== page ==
Our Vet Expert, Sciacqua, did appreciate the Yamaha’s rock-solid stability, however, and its refusal to get unsettled. Testers in the past have noted the YZ-F line feels long and low, an important component in the renowned Yamaha stability. The new chassis changes makes the 250F feel much more similar to the Honda and Kawasaki machines yet manages to retain that unwavering composure. Weight centralization is improved this year and the center of gravity is lower, both of which give the YZ250F a quicker reaction time – not to mention the lightest curb weight. The steering
Armstrong was happy to attack ruts with the Yamaha's scalpel-like precision.
head is 12mm lower and 7mm rearwards which pushed the radiators back as well. Having the main chassis spars split apart from one another allows a new fuel tank to drop down between them and also sits closer to the center of the machine. More emphasis on the front end makes for better feedback to the riders, all of whom were without complaint on the way it carried itself through the tightest turns, roughest sweepers and biggest jumps.
“I was pretty impressed with the Yamaha’s handling,” says Matt Armstrong, who is a better weight target for the YZ-F at 155 pounds. “It was very precise, especially with all of the ruts on the Piru track. You had to pick a line fast, and it was easy to put the bike where you wanted to.”
Though all the bikes share final gearing within a single sprocket tooth, the Yamaha received compliments for versatility in its transmission. The motor runs out of steam quickly, but the tranny actually helps allow the YZ-F to be ridden in a wider variety of racetracks. Internal transmission ratios for third and fourth gear are taller this year, equating to roughly half a tooth at the rear sprocket according to Yamaha brass. We were happy with its middle-of-the-road characteristic, but changing that gearing is one way to cheat the YZ-F’s lack of top end, and much cheaper than a full exhaust system or motor modifications.
Ergonomics on the new chassis and bodywork were a welcome change.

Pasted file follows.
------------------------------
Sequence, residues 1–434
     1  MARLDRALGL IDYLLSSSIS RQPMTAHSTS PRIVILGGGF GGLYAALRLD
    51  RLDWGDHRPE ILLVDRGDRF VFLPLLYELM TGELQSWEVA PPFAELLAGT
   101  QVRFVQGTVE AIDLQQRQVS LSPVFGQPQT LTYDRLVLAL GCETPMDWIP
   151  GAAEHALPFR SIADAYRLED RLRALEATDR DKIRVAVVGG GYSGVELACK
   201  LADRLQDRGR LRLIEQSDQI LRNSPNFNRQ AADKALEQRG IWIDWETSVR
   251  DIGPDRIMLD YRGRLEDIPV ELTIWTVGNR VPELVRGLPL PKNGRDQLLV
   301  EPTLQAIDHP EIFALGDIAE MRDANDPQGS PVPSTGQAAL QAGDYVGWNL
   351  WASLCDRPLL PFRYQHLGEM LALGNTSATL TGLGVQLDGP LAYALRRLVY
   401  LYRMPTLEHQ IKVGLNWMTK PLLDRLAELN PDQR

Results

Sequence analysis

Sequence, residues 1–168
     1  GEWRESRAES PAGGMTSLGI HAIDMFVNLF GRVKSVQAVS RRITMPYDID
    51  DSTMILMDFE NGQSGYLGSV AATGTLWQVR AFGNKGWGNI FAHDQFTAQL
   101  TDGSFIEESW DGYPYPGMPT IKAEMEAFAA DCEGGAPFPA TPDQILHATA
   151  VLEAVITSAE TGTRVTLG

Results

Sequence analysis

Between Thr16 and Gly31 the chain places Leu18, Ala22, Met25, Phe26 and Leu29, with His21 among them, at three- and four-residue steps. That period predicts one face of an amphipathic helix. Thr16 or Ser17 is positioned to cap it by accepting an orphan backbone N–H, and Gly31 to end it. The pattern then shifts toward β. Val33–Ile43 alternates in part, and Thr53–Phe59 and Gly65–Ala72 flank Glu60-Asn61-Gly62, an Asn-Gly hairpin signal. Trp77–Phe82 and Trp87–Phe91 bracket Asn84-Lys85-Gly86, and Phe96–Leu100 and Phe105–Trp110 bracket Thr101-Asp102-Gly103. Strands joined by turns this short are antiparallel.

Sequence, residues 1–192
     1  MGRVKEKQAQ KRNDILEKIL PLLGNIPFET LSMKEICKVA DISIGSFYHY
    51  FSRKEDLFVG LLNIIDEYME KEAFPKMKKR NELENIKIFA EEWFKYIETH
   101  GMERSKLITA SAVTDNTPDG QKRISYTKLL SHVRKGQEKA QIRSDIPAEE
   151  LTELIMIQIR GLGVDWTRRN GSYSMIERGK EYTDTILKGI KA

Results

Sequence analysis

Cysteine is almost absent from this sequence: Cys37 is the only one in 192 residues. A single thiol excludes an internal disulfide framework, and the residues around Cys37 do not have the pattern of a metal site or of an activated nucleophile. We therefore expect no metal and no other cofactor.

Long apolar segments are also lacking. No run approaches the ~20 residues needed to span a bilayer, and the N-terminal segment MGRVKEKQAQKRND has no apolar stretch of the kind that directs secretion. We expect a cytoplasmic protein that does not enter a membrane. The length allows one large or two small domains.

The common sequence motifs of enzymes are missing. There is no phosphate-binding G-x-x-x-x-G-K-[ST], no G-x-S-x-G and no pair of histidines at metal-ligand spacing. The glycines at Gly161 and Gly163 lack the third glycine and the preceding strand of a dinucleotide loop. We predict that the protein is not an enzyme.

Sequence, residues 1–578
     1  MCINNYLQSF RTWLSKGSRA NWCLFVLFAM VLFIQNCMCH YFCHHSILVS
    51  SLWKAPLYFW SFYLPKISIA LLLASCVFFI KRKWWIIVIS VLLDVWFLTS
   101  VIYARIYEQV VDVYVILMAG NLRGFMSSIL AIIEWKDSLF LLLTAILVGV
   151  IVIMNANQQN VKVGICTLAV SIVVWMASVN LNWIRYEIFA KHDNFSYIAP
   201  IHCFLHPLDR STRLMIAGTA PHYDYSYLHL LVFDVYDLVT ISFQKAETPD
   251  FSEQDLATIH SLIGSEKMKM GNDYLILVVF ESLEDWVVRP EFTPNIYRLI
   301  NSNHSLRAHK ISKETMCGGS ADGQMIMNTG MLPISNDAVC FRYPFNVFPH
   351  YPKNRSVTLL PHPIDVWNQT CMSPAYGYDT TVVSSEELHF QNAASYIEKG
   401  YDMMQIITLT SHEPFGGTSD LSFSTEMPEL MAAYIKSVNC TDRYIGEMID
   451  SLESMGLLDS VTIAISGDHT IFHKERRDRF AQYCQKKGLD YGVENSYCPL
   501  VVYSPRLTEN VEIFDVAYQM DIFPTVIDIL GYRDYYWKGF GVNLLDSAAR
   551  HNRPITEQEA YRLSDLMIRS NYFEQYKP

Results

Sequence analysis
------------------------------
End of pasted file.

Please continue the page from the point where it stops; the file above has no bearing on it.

Speaking of variety, the four-position handlebar mounts add extra appeal to the cockpit, which already is one of the bike’s strong points. The rider triangle suited everyone from our shortest to tallest, though most noted that the YZ has a more compact feel than last year’s model. The seat/tank junction is flat and comfortable, making it easy to move around and take advantage of the excellent handling characteristics. Our blue bike also had the best footpegs, adding to rider comfort, safety and control.
From the moment it was unveiled, the new bodywork and styling cues were hotly contested. Similar to the KTM in this respect, the angular design draws a love/hate response and our crew was not immune. One rider hated it for its “Euro” look while another embraced it as futuristic – take your pick. The white/red limited edition plastic is generally more appealing, but it comes with an extra $100 pricetag.
Stock Fork Settings:
Spring: 4.4 N/mm
H. Comp: 1.75
L. Comp: 9
Spring: 52 N/mm
Race Sag: 100mm
The bottom line is Yamaha makes a very good motorcycle, but its engine doesn’t suit high-level racers in stock form. Excellent bottom and mid-range delivery are ideal for tight, jumpy tracks or riders who like to short shift, but at bigger tracks like Glen Helen and Racetown 395, the Yamaha’s weakness was as painfully exposed as a compound fracture. New ergonomics fit our range of riders despite being more compact than the older version, and the handling is a newfound strength. It’s still a bike that can be ridden hard for a long time, but it also has to be if the rider wants to get anywhere. This is a class where horsepower and usability matter, and the Yamaha comes up short despite being better than it was in 2009.